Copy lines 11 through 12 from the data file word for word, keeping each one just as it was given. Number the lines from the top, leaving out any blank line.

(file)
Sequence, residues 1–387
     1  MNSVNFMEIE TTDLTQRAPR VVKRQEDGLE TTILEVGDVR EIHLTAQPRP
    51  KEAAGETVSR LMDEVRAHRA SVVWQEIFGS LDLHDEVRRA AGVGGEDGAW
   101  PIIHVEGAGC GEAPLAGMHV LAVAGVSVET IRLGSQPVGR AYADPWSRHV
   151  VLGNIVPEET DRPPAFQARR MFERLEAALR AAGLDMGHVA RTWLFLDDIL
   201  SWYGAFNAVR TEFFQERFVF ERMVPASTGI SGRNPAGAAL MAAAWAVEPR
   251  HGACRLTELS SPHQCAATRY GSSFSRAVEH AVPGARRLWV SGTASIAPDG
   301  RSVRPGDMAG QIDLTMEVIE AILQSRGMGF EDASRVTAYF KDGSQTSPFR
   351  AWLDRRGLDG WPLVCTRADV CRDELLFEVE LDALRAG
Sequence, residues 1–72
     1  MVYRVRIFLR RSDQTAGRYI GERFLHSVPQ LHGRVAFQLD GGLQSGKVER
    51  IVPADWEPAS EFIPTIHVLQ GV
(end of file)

     1  MVYRVRIFLR RSDQTAGRYI GERFLHSVPQ LHGRVAFQLD GGLQSGKVER
    51  IVPADWEPAS EFIPTIHVLQ GV